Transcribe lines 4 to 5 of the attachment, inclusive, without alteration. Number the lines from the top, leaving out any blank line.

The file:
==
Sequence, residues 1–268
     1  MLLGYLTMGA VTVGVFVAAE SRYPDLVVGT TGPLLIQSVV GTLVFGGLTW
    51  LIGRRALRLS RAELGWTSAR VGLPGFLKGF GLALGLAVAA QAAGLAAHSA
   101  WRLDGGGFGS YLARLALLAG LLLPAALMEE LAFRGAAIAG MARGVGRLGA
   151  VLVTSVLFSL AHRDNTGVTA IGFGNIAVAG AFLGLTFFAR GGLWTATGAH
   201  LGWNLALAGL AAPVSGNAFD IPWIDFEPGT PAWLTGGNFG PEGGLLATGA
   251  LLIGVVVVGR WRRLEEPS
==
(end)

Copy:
   101  WRLDGGGFGS YLARLALLAG LLLPAALMEE LAFRGAAIAG MARGVGRLGA
   151  VLVTSVLFSL AHRDNTGVTA IGFGNIAVAG AFLGLTFFAR GGLWTATGAH